After Indianapolis Colts’ quarterback Andrew Luck shocked the entire world of sports by retiring during this season’s preseason slate, sports everywhere have been wondering what players may follow suit. While the sport of baseball is much, much less of a physical attack on an athlete’s body than that of football, baseball still can take its toll on a human’s body.
With that in mind, this article will detail a list of five of the most shocking retirements across all of MLB history. The shocking areas of each situation differ from player to player, but the fact that they all surprised a lot of people by departing from the game that they gave so much to is what gives them a spot on this list.
Old and new players alike, this list will open your eyes to situations with professional athletes that not a lot of people may be familiar with. By showing these details, hopefully, we as fans can garner a better appreciation for what athletes do and how it ultimately all takes a toll on the athletes, whether we can see it or not.
Lou Gehrig – New York Yankees
Retirement Date: June 21, 1939
Retirement Age: 36
Yet another MLB player who ultimately retired in his 30s, Henry Louis Gehrig, more notably known as Lou Gehrig, was unfortunately forced to step away from the game. His diagnosis of ALS, which became named after Gehrig later on down the road, stripped Gehrig of his ability to suit up in a Yankees uniform after his 16+ season career.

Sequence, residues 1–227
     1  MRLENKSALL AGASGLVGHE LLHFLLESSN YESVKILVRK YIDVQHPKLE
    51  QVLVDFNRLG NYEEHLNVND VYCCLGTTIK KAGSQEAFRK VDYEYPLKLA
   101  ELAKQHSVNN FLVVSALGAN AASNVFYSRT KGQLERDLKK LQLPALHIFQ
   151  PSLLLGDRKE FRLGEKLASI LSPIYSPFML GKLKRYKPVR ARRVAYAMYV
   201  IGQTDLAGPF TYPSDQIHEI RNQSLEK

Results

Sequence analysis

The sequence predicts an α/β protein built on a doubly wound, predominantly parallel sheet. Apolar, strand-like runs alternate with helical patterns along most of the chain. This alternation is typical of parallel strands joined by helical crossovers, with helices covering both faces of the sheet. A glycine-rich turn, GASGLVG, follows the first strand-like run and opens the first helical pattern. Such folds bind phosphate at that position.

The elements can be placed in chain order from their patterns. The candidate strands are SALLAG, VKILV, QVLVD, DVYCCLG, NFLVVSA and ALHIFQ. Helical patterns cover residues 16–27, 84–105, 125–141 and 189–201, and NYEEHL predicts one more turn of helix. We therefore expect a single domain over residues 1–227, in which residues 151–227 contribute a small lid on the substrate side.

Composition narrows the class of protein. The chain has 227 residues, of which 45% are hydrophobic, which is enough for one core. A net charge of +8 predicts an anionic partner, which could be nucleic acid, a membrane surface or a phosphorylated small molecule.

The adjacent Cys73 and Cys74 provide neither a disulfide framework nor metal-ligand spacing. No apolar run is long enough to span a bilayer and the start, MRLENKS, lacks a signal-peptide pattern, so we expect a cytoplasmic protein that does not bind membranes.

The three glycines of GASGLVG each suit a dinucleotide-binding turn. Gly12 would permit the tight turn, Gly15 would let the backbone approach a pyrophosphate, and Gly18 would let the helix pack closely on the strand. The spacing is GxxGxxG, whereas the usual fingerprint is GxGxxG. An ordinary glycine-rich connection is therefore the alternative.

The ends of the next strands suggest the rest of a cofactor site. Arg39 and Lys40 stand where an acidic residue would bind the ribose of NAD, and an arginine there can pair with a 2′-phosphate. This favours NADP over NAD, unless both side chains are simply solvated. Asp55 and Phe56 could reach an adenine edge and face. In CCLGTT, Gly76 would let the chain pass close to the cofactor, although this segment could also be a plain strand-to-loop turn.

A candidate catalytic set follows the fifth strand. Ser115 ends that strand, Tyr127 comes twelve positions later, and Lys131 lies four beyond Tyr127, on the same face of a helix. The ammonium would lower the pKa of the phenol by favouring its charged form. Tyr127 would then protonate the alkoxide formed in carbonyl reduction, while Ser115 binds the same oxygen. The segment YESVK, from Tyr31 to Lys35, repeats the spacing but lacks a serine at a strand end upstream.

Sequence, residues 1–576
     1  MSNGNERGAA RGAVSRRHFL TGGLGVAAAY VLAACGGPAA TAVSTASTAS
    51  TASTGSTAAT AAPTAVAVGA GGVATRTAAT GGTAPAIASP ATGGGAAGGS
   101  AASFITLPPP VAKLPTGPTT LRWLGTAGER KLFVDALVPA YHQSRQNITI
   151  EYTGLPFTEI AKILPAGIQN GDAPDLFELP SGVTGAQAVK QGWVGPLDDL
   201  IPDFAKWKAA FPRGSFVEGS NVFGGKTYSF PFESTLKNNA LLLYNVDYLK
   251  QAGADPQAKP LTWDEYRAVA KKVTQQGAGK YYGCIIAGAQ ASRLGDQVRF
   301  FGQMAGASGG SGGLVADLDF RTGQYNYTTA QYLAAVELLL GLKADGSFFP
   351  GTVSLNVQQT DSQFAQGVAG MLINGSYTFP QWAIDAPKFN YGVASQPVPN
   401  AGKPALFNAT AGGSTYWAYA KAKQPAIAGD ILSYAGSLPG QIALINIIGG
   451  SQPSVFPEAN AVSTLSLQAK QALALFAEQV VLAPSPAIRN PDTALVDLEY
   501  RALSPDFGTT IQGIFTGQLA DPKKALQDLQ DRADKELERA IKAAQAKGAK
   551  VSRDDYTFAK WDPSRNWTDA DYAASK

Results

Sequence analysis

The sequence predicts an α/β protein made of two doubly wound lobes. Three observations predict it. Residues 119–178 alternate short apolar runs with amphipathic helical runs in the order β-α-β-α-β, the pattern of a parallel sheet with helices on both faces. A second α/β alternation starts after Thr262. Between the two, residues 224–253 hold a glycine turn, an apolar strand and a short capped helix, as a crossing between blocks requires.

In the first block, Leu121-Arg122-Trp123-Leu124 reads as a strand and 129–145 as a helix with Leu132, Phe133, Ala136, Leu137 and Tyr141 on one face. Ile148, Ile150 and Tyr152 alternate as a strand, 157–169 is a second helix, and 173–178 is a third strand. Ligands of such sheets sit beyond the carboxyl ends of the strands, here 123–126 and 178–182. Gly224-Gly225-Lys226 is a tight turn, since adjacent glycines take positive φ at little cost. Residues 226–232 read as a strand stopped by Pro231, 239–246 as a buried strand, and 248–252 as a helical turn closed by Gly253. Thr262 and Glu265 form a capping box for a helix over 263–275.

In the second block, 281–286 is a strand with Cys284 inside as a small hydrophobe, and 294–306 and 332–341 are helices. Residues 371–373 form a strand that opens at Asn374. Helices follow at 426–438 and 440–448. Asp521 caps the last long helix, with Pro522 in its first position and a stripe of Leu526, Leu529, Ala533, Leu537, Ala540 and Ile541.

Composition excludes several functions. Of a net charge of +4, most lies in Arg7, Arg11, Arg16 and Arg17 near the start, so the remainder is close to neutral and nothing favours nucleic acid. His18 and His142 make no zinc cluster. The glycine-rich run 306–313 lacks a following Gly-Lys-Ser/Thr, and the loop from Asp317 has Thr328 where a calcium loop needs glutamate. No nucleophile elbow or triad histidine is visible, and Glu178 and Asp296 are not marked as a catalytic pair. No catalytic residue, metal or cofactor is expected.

Gehrig was one of the best first basemen that helped revolutionize the game, and his legacy as being one of the best offensive players all-time will always be there for reference. In 1937, Gehrig managed to rank between the best and the fourth-best in the American League across eight different offensive categories, a testament to the type of legacy that Gehrig would have.
Taken from us less than two years after he retired, Gehrig’s bout with ALS was a very hard one to watch, especially with how highly thought of he was. Regardless of the disease that was slowly tearing him away, he was consistently thought of by his peers in very high regard, and his legacy both as an MLB player and as someone who was dealt a tough hand during a stretch of his life will live on in lore forever.
Sandy Koufax – Los Angeles Dodgers
Retirement Date: November 18, 1966
Retirement Age: 30
Even after he had just won his second consecutive Cy Young Award, Los Angeles Dodgers starting pitcher and legend Sandy Koufax hung up his cleats while only being 30 years young. Having surprised even his fellow pitcher Don Drysdale with the decision, Koufax valued his personal health over athletic accomplishments every day of the week and even twice on Sundays.
Koufax, who did not wish to continue his professional playing days due to a fear for permanent damage to his left (pitching arm) elbow that was already dealing with arthritis, left the Dodgers at the peak of his …read more